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Rubio defends scaled-back DREAM Act, says it addresses ‘humanitarian issue’

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This post has been updated.

Florida Republican Sen. Marco Rubio on Sunday defended his plan to develop a scaled-back version of the DREAM Act, arguing that his proposal represents not amnesty, but an effort to tackle the “humanitarian issue” of undocumented immigrants who were brought to the country as children.

Sen. Marco Rubio (R-Fla.). (AFP PHOTO/Jewel Samad/AFP/GettyImages)

In an interview on “Fox News Sunday,” Rubio said that his proposal, which is in the works, would provide not a “special pathway” to citizenship for young people in the country illegally but rather a non-immigrant visa that would allow those people to serve in the military or attend college and then later apply for citizenship through the traditional route.

Former Massachusetts governor Mitt Romney, the presumptive GOP presidential nominee, has yet to state a position on Rubio’s plan, and Rubio said Sunday that he did not expect Romney to weigh in on the proposal because it has yet to be finalized.

Rubio’s remarks represent a move by the GOP rising star to reach out to Hispanic voters, a key constituency this fall. Polls show Romney trailing President Obama by two-to-one among Hispanic voters, and some Republicans believe that Rubio – who is Cuban American – could give the GOP ticket a lift among Hispanic voters if he were to be chosen as Romney’s running mate.

Asked by host Chris Wallace about Romney’s poor polling numbers among Hispanics, Rubio argued that “there’s no such thing as the Hispanic vote” and noted that one of his cousins is the Democratic state Senate leader in Nevada.

He also argued that Romney won’t lose Hispanics by two-to-one in the state of Florida.

“I think he has the opportunity to win Hispanics in Florida,” Rubio said.

In the wide-ranging interview, one of his first as a top surrogate for Romney, Rubio also delivered sharp criticism of Obama, who formally kicked off his reelection campaign Saturday with events in Ohio and Virginia.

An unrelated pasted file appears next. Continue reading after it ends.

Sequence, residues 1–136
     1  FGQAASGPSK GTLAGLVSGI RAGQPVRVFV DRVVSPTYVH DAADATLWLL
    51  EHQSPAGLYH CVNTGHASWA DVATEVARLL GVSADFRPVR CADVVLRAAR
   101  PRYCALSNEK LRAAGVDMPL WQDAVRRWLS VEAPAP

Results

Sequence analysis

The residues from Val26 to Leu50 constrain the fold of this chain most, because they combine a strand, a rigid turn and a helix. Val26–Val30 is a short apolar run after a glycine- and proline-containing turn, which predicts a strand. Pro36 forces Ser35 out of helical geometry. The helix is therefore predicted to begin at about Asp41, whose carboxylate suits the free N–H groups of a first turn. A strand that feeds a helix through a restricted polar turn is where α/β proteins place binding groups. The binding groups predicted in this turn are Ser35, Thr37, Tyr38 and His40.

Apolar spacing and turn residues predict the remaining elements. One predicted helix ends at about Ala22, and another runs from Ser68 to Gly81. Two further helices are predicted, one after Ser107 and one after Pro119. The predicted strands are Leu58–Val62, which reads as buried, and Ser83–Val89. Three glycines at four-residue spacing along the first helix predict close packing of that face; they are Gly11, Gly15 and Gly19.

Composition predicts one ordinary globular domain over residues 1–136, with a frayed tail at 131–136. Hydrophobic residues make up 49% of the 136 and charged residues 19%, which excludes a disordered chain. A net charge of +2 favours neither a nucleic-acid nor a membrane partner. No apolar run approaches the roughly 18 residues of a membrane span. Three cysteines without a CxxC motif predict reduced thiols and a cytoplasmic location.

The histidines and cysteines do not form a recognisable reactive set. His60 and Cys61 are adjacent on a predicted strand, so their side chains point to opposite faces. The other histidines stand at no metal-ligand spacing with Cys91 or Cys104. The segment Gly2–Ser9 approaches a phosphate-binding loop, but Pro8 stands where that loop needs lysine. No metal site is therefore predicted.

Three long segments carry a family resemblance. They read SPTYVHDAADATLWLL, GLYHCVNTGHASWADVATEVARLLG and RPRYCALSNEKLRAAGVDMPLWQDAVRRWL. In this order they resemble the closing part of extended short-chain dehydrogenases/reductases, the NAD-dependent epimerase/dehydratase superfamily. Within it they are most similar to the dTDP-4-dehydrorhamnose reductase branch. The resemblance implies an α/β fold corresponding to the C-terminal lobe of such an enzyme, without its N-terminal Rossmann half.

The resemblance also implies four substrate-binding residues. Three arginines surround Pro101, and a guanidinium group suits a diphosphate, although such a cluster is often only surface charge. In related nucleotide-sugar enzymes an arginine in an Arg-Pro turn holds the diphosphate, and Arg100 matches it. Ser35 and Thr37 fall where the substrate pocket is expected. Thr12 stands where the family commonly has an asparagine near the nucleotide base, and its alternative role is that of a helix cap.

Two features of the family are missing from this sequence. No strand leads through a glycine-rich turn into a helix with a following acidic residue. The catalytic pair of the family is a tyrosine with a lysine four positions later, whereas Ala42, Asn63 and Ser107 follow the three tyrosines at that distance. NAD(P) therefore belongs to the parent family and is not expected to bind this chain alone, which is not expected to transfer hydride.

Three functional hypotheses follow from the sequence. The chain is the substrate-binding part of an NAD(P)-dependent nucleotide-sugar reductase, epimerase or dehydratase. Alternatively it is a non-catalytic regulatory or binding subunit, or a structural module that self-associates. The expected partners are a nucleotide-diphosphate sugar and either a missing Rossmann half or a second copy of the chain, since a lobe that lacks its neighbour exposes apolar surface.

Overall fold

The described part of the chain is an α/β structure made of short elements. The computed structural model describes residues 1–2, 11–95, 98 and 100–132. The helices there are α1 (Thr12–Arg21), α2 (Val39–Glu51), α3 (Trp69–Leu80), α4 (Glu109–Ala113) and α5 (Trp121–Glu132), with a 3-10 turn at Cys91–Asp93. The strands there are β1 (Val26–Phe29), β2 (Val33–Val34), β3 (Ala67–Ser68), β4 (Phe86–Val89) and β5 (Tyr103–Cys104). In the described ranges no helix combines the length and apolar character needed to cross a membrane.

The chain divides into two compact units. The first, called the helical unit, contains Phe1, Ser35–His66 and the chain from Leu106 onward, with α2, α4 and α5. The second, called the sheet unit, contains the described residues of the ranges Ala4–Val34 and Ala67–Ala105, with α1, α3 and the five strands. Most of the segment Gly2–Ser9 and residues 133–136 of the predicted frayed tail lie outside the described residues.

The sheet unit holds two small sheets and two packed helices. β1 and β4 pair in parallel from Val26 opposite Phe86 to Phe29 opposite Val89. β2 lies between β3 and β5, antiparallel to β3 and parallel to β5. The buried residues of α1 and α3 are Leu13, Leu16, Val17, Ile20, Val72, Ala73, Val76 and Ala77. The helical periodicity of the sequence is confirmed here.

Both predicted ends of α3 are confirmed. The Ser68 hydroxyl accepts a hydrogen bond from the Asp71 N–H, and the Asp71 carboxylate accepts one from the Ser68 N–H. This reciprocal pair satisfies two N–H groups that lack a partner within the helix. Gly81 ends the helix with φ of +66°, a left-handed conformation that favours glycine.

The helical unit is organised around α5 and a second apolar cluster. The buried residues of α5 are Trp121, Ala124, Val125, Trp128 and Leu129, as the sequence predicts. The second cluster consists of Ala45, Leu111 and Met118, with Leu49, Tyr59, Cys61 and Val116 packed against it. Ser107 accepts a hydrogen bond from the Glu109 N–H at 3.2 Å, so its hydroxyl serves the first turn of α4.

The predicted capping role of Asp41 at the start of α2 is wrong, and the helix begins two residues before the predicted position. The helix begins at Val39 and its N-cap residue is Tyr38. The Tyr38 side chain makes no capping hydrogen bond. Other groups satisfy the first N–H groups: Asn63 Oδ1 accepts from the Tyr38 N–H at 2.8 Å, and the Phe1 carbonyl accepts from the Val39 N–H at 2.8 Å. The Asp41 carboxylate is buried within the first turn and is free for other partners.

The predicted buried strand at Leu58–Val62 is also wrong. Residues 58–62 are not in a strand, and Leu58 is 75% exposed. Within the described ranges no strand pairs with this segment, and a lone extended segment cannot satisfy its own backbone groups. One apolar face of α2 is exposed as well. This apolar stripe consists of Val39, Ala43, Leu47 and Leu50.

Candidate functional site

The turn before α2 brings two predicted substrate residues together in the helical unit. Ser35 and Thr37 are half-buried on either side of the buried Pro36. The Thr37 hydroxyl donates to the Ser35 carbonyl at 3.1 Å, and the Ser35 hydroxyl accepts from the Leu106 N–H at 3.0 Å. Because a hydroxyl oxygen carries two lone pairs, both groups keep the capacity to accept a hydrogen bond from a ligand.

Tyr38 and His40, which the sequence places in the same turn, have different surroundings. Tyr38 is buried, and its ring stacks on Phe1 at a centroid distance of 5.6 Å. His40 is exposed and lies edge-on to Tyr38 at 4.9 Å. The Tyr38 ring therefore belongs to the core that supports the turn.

Rubio cast Obama as a president who campaigned four years ago as someone who would bring the country together but who instead has resorted to tactics of political division.

“He was going to be a post-partisan uniter to bring Americans together, and three- and-a-half years later, the president has become just like anybody else in Washington, D.C.,” Rubio said. “And in his obsessive effort to win his reelection, he has lost himself and he has lost what makes him different.”

Last week’s visit by Obama to Afghanistan to mark the anniversary of the death of Osama bin Laden – and the campaign’s release of a Web video questioning whether Romney would have authorized the raid that killed him— represents “one example about how his administration has become just like everybody else,” Rubio argued.

He said that while Obama “made an important and wise decision” in authorizing the raid that killed bin Laden, “he has taken something that should unite the American people, a moment for pride for out country, and instead turned it into a weapon for political warfare.”

Rubio had criticism not just for Obama but also for Vice President Joe Biden, whose record on foreign policy, the Florida senator contended, “is one of being wrong on everything that he’s ever advised or everything he’s ever asked for -- from dividing Iraq, to admittedly telling the president not to go in and do this operation.”

“That being said, I also think he is a very nice person but Vice President Biden has the tendency to say some interesting things to say the least,” Rubio added.

On the issue of Chinese dissident Chen Guangcheng, Rubio sided with Romney, who last week criticized the Obama administration’s handling of the matter.

“There’s this propensity that this administration seems to have of an unwillingness to forcefully assert America’s values,” Rubio said. “We’ve seen that in a number of occasions. Tragically, we saw that in 2009 during the green revolution in Iran. And we see that again here now, in China, where somehow this administration looked almost reluctant to forcefully assert the United States. . . respect for human rights, democracy, freedom, et cetera.”

He said that the episode highlighted that “what we know for a fact we are dealing with now (in China) are people that are paranoid and are control freaks and a totalitarian system.”

Obama senior adviser David Axelrod defended the president in a separate interview on ABC’s “This Week.”

“(Obama) ordered a mission that was — was, frankly, risky, dangerous,” Axelrod said of the bin Laden mission. “Gates said it was one of the most courageous, one of the gutsiest decisions he’s ever seen a president make. And it turned out successfully. . . . If it hadn’t, you’d better believe the other side would be talking about it, and Mitt Romney would be the first one.”

Asked about Romney’s criticism of the Obama administration on Chen, Axelrod charged that the GOP frontrunner is “blunderbussing” based on incomplete information.

“What’s shameful is when presidential candidates are so craven to score political points that they speak irresponsibly on half information at a time when the president is trying -- and the administration is trying — to resolve a situation that is very, very sensitive and very difficult,” Axelrod said.

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